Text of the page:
Smearing Al Gore Never Gets Old Topic: NewsBusters
A March 30 NewsBusters post by Tim Graham complaining that "No one requires Hillary to apologize when she clumsily hops over the line of rhetorical civility," Graham made the following claim: "We saw in the 2000 election cycle that one way national reporters protected Democratic presidential contender Al Gore was to ignore wild or embarrassing things he said in public." As evidence, Graham linked to a March 1999 MRC item complaining that "Al Gore's gotten a free pass on gaffes."
First, March 1999 is not quite the "2000 election cycle." Second, Graham ignores that by the time we actually reached the 2000 election cycle, some of the items of the MRC's list were routinely bandied about in the media. Third, some of Gore's alleged "gaffes" weren't gaffes at all -- something we don't recall the MRC ever reporting to its readers.
One of the alleged gaffes is Gore's statement that "During my service in the United States Congress, I took the initiative in creating the Internet."We can go back to the very first ConWebWatch article in April 2000 for proof that it's actually true, confirmed by the "father of the Internet" himself, Vinton Cerf.
Also on the list "Gore told Time's Karen Tumulty he and Tipper were the inspiration for Erich Segal's novel Love Story." Also essentially true -- author Erich Segal confirmed that Gore was a model for the lead character -- but the MRC's depiction of the claim is false. Gore wasn't bragging about it; according to the New York Times, Gore said he had heard that author Erich Segal had said that and that was "all I know."
Additionally, the MRC claimed that Gore said "he was a farm boy who plowed steep hillsides with mules." As Bob Somerby points out, that's true, too, confirmed by arguably hostile Regnery-published Gore biographer Bob Zelnick.
If one is going to make accusations of bias, it helps to have facts on hand. In this case, Graham and the MRC don't.
NewsBusters' Scarf Obsession Topic: NewsBusters
Poor Mark Finkelstein. He really does seem to think that anyone wearing a black-and-white scarf is expressing solidarity with the Palestinians.
He did it last December, when Matt Lauer wore one. And he does it again in a March 30 NewsBusters post, in which a college student being interviewed on TV was shown wearing one. The post is categorized as "humor," but Finkelstein seems deadly serious about the alleged threat: In the post's comments thread, he noted: "I don't think there's any doubt this is a Palestinian scarf. What wraps it up for me is the fringe, which is very typical of the keffiyeh."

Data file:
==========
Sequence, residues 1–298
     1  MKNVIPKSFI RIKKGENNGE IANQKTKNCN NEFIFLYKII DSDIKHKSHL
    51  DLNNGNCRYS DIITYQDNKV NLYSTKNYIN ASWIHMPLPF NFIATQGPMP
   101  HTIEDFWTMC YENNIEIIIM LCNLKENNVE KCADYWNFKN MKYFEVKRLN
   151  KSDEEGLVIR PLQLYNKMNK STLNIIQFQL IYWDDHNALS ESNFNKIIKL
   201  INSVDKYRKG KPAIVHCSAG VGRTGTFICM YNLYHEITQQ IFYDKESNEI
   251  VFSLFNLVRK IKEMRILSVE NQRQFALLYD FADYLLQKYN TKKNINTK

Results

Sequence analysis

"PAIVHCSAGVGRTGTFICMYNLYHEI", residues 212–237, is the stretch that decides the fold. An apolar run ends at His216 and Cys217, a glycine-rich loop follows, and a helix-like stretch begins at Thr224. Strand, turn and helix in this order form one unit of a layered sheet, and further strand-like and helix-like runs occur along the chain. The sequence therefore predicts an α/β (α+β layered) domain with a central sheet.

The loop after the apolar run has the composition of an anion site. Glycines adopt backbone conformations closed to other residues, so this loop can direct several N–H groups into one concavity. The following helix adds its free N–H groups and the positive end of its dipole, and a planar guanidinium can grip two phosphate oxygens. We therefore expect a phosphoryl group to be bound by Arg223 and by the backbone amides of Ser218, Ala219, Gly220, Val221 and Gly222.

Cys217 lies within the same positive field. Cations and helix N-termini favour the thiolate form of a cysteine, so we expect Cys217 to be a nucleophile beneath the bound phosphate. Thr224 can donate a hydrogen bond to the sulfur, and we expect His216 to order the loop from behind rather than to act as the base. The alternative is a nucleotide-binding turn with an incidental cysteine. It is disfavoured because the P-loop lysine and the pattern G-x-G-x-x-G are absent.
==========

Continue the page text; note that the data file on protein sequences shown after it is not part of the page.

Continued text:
In looking for a conspiracy, Finkelstein seems to ignore the idea that black-and-white is a popular color combination and, more often than not, a scarf is just a scarf.
Love the Felon, Part 2 Topic: WorldNetDaily
A March 29 WorldNetDaily article by Art Moore checks in again on his favorite felon, Peter Paul. Moore depicts just how desperate Paul is for attention -- apparently, he is "producing three different documentaries, including a theatrical release planned for the third quarter of 2007 that aims to have the kind of election-season buzz generated by Michael Moore's 'Fahrenheit 9/11.'"
Moore gives Paul the attention he craves -- after all, Paul's mission coincides with that of WND's, to smear the Clintons -- and in exchange for Paul's dose of Clinton-bashing, Moore obliges by once again (as he did in a article last August) whitewashing Paul's criminal record. Moore repeats Paul's lame claim that his late-70s conviction for cocaine possession and an attempt to bilk Cuban dictator Fidel Castro of $8 million was "politics."
Moore also whitewashes Paul's current felony, and gets a date wrong to boot. Moore writes, " In 2001 he pleaded guilty to one count of violating Securities and Exchange Commission regulations on the trading of his stock." In fact, Paul's plea was in March 2005; 2001 was when Paul fled the country to avoid prosecution, fighting extradition to the U.S. for two years. And Moore's description of Paul's current felony makes it sound much more benign than it is. From the U.S. attorney who prosecuted Paul:
PAUL admitted orchestrating a scheme in which he and others manipulated Stan Lee Media stock, trading it through numerous nominee accounts that hid from the investing public PAUL's ownership and control of large volumes of stock that were being traded. PAUL also admitted that to further the scheme, he sought to inflate and stabilize the price of the stock by instructing market makers in Stan Lee Media stock to execute trades that created a false appearance of constant demand and that concealed from the investing public the fact that PAUL had arranged for large blocks of stock to be sold at substantial discounts in after-hours trading. Finally, PAUL admitted that he had secretly borrowed millions of dollars on margin using as collateral the stock that he had traded through the nominee accounts; in this way PAUL concealed from the investing public that he was effectively liquidating a substantial part of his stock holdings in Stan Lee Media.
Paul faces up to 10 years' imprisonment, a maximum fine of $5 million, or two times the greater of the gross gain or gross loss resulting from his crime, believed to be in the neighborhood of $25 million.
You can see why Moore wants to make Paul and his felony sound benign. Anyone else with Paul's criminal record would have no credibility, even in WND's eyes -- but since Paul is dishing on the Clintons, WND is all too willing to suspend reality and treat him as a credible witness.
Compare and Contrast Topic: NewsBusters